Dr Meghna Chaudhuri, Boston College, USA
Aijaz Ahmad, Distinguished Professor, University of California, Irvine
Arunabh Ghosh, Associate Professor, Harvard University
Bhavani Raman, Associate Professor of History, University of Toronto, Canada
Barbara D. Metcalf, Professor of History Emerita, University of California, Davis
Jag Jeevan Kale, President Maratha Mahasabha, Secretary Shahir ahe Etihas Sanshodhan, Maharashtra
Lakshmi Subramanian, Professor of History, BITS PIlani Goa
R.P. Goldman, William and Catherine Magistretti Distinguished Professor of Sanskrit, University of California at Berkeley
Priya Satia, Stanford University
Ravinder Kaur, Associate Professor, University of Copenhagen, Denmark
Dilip M Menon, Professor, University of Witwatersrand, South Africa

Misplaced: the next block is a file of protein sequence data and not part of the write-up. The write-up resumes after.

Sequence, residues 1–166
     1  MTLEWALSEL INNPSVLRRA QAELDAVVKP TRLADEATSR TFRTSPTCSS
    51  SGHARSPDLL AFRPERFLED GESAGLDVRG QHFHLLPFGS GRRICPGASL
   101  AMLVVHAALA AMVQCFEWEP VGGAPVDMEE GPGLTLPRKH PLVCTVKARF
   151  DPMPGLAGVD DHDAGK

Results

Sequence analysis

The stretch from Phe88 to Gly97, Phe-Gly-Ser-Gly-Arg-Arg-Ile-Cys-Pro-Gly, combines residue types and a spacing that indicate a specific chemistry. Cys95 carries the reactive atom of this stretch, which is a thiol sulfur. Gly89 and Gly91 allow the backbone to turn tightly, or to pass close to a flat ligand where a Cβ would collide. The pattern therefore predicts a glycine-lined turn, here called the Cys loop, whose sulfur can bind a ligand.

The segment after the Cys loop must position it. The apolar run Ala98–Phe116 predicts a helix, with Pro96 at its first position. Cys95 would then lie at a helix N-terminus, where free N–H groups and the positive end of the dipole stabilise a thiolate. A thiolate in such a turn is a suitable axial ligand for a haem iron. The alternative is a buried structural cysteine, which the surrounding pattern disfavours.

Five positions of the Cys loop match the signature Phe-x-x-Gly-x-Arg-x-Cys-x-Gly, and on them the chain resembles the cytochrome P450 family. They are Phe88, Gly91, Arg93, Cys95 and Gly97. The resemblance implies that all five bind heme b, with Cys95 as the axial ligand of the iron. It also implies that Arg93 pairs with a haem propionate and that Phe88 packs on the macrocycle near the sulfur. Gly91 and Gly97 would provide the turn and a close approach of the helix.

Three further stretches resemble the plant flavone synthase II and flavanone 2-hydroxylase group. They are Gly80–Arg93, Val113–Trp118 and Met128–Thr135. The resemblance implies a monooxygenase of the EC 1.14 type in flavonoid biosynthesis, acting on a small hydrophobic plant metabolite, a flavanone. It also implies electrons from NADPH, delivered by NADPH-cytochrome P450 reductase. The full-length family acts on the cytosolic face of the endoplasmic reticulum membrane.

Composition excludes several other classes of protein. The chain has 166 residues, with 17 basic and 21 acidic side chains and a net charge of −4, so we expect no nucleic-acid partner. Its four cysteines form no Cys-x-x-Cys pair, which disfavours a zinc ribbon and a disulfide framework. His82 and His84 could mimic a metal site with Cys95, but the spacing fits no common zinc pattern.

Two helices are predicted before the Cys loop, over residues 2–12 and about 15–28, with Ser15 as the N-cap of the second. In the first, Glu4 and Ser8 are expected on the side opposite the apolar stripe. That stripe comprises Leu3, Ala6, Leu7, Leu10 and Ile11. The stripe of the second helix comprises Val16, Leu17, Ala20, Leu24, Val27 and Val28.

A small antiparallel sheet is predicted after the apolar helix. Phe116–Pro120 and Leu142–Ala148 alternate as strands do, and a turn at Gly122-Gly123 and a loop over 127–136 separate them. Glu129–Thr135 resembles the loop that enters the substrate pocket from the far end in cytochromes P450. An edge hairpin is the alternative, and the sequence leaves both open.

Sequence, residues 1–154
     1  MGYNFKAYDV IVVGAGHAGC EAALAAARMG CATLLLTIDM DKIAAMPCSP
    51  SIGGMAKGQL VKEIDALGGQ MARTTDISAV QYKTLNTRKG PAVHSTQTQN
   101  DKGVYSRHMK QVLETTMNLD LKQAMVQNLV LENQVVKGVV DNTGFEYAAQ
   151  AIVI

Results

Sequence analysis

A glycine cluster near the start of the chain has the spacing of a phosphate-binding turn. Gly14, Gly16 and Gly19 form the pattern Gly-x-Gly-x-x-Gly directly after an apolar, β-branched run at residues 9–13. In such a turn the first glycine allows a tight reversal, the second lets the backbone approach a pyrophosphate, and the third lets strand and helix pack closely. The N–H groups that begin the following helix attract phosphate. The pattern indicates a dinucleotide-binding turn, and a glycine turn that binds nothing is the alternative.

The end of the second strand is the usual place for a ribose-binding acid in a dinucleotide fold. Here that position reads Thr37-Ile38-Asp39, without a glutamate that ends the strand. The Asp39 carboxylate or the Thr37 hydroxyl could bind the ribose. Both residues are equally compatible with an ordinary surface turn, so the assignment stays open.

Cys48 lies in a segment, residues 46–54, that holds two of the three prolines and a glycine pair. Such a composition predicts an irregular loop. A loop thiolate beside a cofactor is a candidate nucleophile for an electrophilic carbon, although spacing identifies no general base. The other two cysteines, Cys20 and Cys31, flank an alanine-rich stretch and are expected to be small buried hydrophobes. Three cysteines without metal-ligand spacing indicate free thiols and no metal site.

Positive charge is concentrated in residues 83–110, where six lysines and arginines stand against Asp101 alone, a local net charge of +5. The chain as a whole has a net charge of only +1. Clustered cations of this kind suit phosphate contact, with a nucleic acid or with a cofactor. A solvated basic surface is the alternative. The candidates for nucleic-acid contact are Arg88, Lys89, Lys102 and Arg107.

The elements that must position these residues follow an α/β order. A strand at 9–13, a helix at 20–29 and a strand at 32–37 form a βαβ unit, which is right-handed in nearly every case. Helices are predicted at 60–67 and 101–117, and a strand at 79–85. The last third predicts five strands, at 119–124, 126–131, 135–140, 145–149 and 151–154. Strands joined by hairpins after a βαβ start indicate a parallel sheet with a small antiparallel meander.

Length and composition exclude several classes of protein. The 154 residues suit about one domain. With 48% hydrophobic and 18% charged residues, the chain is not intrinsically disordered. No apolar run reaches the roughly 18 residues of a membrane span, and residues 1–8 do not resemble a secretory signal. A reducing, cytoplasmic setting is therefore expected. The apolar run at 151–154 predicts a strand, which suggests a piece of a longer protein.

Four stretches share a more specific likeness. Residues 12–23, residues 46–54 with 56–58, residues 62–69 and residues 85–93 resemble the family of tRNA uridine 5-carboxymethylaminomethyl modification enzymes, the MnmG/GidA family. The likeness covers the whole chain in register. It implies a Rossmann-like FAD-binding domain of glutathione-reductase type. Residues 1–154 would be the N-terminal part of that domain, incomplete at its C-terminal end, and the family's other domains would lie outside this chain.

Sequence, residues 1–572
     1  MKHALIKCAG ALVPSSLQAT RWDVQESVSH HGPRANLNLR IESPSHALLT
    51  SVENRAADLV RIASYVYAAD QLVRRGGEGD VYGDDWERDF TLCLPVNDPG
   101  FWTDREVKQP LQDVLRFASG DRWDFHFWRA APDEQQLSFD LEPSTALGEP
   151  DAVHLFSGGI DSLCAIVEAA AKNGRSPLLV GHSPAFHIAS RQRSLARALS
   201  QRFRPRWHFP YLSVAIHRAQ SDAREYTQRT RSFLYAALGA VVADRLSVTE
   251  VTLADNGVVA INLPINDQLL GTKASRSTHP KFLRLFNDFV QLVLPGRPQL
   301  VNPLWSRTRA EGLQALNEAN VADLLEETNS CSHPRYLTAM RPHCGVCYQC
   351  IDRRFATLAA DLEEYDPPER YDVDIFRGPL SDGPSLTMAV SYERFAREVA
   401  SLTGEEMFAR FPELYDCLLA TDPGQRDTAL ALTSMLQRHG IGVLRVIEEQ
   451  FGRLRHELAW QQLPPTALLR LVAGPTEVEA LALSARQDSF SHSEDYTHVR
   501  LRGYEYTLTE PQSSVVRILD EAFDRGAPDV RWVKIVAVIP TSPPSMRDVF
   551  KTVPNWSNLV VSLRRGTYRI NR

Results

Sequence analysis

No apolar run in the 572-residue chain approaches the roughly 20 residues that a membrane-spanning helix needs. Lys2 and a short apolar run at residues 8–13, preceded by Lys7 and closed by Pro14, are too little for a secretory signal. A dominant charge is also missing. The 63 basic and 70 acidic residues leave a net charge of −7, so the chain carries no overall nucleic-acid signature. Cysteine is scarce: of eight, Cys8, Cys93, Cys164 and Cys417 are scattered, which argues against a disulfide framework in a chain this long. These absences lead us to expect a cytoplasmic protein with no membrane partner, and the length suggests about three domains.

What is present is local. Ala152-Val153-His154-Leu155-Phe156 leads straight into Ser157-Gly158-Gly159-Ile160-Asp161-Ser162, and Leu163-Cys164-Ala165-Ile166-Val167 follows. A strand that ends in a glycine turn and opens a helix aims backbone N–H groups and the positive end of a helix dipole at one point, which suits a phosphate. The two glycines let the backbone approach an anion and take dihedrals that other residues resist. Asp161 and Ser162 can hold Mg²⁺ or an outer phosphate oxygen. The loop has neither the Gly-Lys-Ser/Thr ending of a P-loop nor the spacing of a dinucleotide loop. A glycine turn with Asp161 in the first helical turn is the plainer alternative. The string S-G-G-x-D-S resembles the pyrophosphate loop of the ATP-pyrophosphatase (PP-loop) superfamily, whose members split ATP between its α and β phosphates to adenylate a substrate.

Gyan Prakash, Dayton-Stockton Professor of History, Princeton University
Dipesh Chakrabarty, The University of Chicago
David Owen, Professor of Social and Political Philosophy, University of Southampton, UK.
Tanika Sarkar. Retired professor of modern history, Jawaharlal Nehru university
Michele Louro, President, Society for Advancing the History of South Asia
Kiran Desai, Author
Andrew Sartori, Professor, New York University, USA
Herbert Braun, Professor of History, University of Virginia
Dr. Meena Bhargava, Indraprastha College for Women, University of Delhi
Prof. G. Arunima, Director, Kerala Council for Historical Research, Trivandrum
Dr. Chinnaiah Jangam, Associate Professor, Carleton University, Canada
David Ludden, Professor of History, New York University